In my previous post on Xcode Server, I discussed the Xcode Server feature to send issue notification and summary email messages, and how to configure email triggers as part of integration configuration. In this post, I’ll discuss how to configure a MacOS Xcode Server machine to actually route email messages to the development team.
The Documented Way to Configure Xcode Server
As of this writing, the Xcode 10 documentation provides a single — and sparse — manual page on configuring Xcode Server to send email via SMTP:
This seems very straightforward. You should add your outgoing SMTP server information and send from info — and Xcode server will send email. It should just work, right?
There’s only one problem with this procedure…for many people — including me — this doesn’t work.
Most likely this simple configuration can work in some environments, but Apple provides no information in the documentation regarding prerequisites and what type of SMTP environment this configuration is designed for.
No worries, though — next I’ll cover how to configure your Xcode server to work with any type of SMTP-based email infrastructure.
Note: if you know how to get the default Xcode configuration to work with authenticated, TLS-based email back-ends, please let me know in the comments!
Configuring Xcode Server to Send Email via Postfix
If you’ve installed Xcode 10 on macOS Mojave (and probably previous versions of both — though I’m only covering Xcode 10 here), your Xcode server hardware should already have a dormant installation of Postfix pre-installed. We’ll use that existing install of Postfix to get email delivery going with Xcode server.
Note: I use SMTP2GO as my SMTP provider for Xcode server, so the following instructions are specific to that service. This same procedure can work with other providers like Gmail, Office 365, and other services that provide SMTP with or without an encrypted SMTP connection. Adapt the settings below as required to match the requirements of your SMTP provider.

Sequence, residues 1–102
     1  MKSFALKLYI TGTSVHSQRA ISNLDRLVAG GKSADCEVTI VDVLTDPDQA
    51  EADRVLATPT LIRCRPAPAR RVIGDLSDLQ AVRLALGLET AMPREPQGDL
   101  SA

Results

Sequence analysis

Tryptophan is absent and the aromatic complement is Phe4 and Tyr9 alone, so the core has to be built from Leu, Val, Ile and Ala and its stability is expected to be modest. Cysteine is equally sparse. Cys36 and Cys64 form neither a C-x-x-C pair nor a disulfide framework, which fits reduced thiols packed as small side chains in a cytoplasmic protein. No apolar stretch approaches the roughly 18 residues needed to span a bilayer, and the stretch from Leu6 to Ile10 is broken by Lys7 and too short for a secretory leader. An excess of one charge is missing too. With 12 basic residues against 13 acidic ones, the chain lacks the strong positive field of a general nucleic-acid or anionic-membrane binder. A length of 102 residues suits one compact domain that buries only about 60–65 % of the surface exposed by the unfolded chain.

#1 Don’t configure Xcode’s email options
First, don’t configure Xcode’s email settings at all — just leave them blank. On your Xcode server, open Xcode Server configuration and ensure all fields are left blank, as in the documentation image above.
#2 Add your SMTP server credentials to the Postfix password file
Next configure your Xcode server Postfix installation with the username/password needed to authenticate with your SMTP server when sending e-mail.
Create or modify the /etc/postfix/sasl_passwd file using your favorite editor, for example:
$sudo nano /etc/postfix/sasl_passwd
Add a line that provides a valid username/password combination and corresponding server/port, with your own SMTP authentication credentials, similar to the following:
#3 Run Postmap agains the password file
sudo postmap /etc/postfix/sasl_passwd
#4 Add Configurations to Postfix
Open the Postfix configuration file with your favorite text editor, for example nano:
$ sudo nano /etc/postfix/main.cf
Add correct configuration lines as required by your email provider. For smtptogo, I use the following:
relayhost = mail.smtp2go.com:2525 smtp_sasl_auth_enable=yes smtp_sasl_password_maps=hash:/etc/postfix/sasl_passwd smtp_use_tls=yes smtp_tls_security_level=encrypt
Note that the relayhost in main.cf should match the url:port in the previous password file exactly.
It’s OK to add these configurations to the bottom of the main.cf file, but search the file and comment out any existing settings that would duplicate what you add.
#5 Start Postfix server on the Xcode Server machine
$ sudo postfix start
#6 Set Postfix to Auto-Start on the Xcode Server machine
Edit the postfix service configuration file using your favorite text editor, e.g. nano:
$ sudo nano com.apple.postfix.master.plist
When Postfix is running, and your security configurations are correct — and the Xcode server mail settings are left blank — Xcode server will successfully send email when your email triggers are fired in Xcode integrations!